CINCINNATI - B.J. Ryan sat in his hotel room in Cincinnati six years ago, unsure whether he was headed to the Reds' Triple-A affiliate in Indianapolis or staying with the major league club. Though he had been optioned earlier in the day, a team official revealed that an injury to another pitcher could keep him with the Reds. He still had hope, if not a permanent address.
So Ryan stuck around, watching TV and trying to relax, when his name rolled across the bottom of the screen. Viewers were informed of another trade at the non-waiver deadline. Ryan wasn't going to Indianapolis or staying in Cincinnati.
On July 31, 1999, he officially became property of the Orioles.
"I was kind of shocked, but it's just the business aspect of it," he said. "You never really know where you're going to be."
Ryan is more certain now. He's in the Orioles' bullpen as their closer, on the back end of a four-city road trip that's put him in Cincinnati for the first time since the trade.
If the memories don't come rushing back, it's because he appeared in only one game with the Reds at their old stadium, three days before the Orioles acquired him and minor league pitcher Jacobo Sequea for veteran starter Juan Guzman.
"I got to the big leagues and got shipped off right when I got there," Ryan said. "You get attached to the guys you come up with and the coaches over there who helped you out a lot. But just going back there, it's not that big a deal."
The other "deal," the one that brought Ryan to the Orioles, was a classic example of a rebuilding team looking for prospects as a playoff contender geared for the stretch run. They were a perfect match once majority owner Peter Angelos agreed to take on a significant chunk of Guzman's $5.25 million salary.
The arrangement suited both general managers, Frank Wren and Jim Bowden, who were fired later and now work for other organizations. Wren, who lasted one season with the Orioles, is the Atlanta Braves' assistant GM. Bowden is in charge of the Washington Nationals.
"We were trying to restock and get some young players," Wren said. "Jim Bowden really wanted Guzman because he felt like he was the guy who could help them get over the hump. We started talking about players and we got Ryan and Sequea because we were willing to carry some of the salary on Guzman, which was big for both of us because Bowden didn't have any money."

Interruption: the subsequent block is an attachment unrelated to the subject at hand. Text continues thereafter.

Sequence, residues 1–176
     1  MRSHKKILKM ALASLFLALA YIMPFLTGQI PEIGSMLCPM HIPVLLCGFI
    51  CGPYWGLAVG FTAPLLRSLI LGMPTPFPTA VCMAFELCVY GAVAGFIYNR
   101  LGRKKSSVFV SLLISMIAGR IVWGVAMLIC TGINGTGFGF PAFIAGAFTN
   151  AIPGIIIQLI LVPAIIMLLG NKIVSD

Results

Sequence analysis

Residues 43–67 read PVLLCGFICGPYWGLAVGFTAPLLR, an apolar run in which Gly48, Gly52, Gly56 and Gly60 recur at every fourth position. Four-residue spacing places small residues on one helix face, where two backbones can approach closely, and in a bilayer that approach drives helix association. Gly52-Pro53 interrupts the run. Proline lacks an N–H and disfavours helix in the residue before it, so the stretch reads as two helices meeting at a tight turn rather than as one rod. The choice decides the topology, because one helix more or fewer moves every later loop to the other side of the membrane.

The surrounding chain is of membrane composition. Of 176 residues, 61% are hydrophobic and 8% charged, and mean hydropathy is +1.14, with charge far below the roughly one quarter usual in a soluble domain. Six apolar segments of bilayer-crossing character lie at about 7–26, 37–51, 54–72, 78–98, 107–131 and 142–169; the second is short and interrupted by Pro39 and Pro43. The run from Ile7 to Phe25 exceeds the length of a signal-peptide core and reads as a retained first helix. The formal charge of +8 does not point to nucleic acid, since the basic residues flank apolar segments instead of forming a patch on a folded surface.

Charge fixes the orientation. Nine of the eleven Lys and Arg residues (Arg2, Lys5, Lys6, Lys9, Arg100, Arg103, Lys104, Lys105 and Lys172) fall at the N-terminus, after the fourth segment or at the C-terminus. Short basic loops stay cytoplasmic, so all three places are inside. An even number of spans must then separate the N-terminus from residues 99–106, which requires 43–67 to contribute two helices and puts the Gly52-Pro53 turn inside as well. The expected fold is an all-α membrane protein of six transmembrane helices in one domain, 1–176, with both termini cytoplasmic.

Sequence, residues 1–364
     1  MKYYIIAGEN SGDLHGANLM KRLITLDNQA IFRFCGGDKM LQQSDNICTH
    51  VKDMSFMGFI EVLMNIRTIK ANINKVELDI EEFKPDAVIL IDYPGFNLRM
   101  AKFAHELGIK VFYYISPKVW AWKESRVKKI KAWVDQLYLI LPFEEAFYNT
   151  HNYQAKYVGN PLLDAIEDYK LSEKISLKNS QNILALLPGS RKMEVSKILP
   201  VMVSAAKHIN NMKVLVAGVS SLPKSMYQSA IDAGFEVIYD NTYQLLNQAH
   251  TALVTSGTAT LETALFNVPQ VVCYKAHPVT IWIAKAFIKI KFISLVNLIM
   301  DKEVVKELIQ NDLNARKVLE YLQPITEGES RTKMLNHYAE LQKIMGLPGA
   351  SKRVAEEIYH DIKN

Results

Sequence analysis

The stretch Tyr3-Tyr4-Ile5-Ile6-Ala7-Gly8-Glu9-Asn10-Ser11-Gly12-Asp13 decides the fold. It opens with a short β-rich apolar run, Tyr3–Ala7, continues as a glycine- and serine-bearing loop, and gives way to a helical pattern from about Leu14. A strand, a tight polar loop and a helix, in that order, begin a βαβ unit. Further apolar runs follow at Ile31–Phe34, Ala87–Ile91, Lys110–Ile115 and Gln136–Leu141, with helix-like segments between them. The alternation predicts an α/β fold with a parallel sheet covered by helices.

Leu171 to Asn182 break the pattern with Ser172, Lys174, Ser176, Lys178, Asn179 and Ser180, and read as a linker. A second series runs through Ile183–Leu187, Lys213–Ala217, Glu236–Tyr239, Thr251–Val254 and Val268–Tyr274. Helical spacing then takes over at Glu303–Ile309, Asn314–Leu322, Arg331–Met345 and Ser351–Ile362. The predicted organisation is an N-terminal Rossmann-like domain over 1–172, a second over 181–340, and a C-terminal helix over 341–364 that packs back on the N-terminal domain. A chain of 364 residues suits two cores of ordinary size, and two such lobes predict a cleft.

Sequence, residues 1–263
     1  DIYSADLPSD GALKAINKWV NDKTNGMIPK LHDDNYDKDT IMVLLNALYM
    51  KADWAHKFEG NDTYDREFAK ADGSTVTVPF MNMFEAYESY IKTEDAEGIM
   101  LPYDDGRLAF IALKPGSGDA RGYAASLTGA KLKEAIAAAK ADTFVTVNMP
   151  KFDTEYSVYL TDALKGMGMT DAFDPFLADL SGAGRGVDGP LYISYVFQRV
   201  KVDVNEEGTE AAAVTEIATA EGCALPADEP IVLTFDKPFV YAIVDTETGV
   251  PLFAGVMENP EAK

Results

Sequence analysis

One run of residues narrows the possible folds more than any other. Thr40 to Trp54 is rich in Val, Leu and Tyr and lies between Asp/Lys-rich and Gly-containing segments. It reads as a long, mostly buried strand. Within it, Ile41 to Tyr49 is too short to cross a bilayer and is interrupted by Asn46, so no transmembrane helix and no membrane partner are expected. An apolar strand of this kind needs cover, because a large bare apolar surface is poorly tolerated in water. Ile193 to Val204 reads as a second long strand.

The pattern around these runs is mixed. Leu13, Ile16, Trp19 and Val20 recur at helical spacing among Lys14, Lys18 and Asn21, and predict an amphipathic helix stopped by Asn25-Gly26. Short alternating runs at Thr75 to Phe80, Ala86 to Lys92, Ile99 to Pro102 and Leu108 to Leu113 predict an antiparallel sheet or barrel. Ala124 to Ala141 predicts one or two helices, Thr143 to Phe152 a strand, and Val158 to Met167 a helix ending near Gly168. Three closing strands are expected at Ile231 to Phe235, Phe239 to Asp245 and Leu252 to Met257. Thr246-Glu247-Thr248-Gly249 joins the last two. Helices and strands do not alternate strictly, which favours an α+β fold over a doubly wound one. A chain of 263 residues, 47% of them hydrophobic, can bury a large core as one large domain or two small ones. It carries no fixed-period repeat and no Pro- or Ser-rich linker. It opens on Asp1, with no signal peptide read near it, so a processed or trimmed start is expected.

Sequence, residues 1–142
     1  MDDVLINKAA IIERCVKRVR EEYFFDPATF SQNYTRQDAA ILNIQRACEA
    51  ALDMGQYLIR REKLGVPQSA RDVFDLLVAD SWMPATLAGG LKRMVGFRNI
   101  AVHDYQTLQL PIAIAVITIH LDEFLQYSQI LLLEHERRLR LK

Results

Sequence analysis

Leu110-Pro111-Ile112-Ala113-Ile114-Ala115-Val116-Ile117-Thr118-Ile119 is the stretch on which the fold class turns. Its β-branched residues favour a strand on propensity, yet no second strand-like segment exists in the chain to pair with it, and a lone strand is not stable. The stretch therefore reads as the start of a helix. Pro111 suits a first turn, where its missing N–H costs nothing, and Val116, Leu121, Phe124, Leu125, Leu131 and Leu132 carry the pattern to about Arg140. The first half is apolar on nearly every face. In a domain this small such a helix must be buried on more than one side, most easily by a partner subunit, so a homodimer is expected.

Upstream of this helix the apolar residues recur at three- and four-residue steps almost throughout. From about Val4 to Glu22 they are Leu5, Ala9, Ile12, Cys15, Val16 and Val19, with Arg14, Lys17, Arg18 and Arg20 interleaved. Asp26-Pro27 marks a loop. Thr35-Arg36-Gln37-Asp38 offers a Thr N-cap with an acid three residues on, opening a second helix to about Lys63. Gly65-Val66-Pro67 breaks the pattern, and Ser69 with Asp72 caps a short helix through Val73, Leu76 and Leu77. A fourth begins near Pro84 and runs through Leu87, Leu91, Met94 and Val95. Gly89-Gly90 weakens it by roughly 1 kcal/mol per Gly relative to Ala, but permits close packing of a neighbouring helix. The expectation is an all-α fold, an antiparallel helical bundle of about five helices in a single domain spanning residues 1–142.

The Orioles' interest in Ryan matured at the All-Star break earlier in the month. Ryan was chosen to the Futures Game in Boston, and though he didn't pitch, Wren watched him throw on the side. "He had a good arm, he was aggressive and he was left-handed," Wren said. "That's a pretty good combination."
Bowden hated to part with Ryan, who has 15 saves this season, but he figured Guzman was worth the price.
"We knew he was going to be a real good pitcher, a guy that we felt down the road could be a left-handed closer," Bowden said of Ryan. "But we had a chance to win. And if we don't get another starting pitcher, we don't win. We made the deal. We got Guzman. We won."
Guzman was 5-9 with a 4.18 ERA in 21 starts with the Orioles in 1999. He made 12 starts with the Reds, going 6-3 with a 3.03 ERA.
Cincinnati's record stood at 59-43 before the trade, leaving the Reds 3 1/2 games behind the Houston Astros in the National League Central. They went 37-24 after obtaining Guzman, but didn't win the division and lost a one-game playoff to the New York Mets for the wild card.
"We don't win 96 games without Goozy," Bowden said. "He had a great second half for us. And sometimes those are the deals you have to make to win now.
"If I had to make the deal over, we're going to make it again. And if I have to give up an `A' ball pitcher this year who is going to be a good pitcher that is going to give me a piece that is going to [help us] win 96 games and maybe take us to the postseason, we are going to make the same deal.
"I had not seen [Ryan] personally, but all of our scouts really liked him. He had a great arm and we really felt, worse-case scenario, he'd be a real good setup guy with the potential to be a closer down the road. But you have to give up something to get something."
Guzman turned out to be a rental. He signed a two-year, $12.5 million contract with the Tampa Bay Devil Rays after the season, but a shoulder injury limited him to one appearance that lasted 1 2/3 innings.
Ryan reported to Triple-A Rochester after the trade and made his Orioles debut a month later in Detroit. Except for a seven-week stay with Rochester in 2000, he's been with them ever since, trusted first as a setup man and now to finish games.
So who got the better end of the deal? The Reds had nothing to show for it a year later, though they came within a victory of the playoffs. Ryan tied the club's single-season record for appearances with 76 in 2004, and he's a possible All-Star in 2005. Sequea set Double-A Bowie's single-season record for saves last year but was designated for assignment on Wednesday.
"We felt like [Guzman] was a veteran guy who more than likely wouldn't be back with us, and we could get some young players that could be foundational-type players," Wren said. "It was the right thing to do. I don't think there was anybody in the organization who felt differently."
Sun staff writer Dan Connolly contributed to this article.
Opponent: Cincinnati Reds
Site, time: Great American Ball Park, Cincinnati, 7:10
TV/Radio: Comcast SportsNet/WBAL (1090 AM)
Starters: Orioles' Rodrigo Lopez (4-2, 4.60) vs. Reds' Aaron Harang (4-3, 3.48)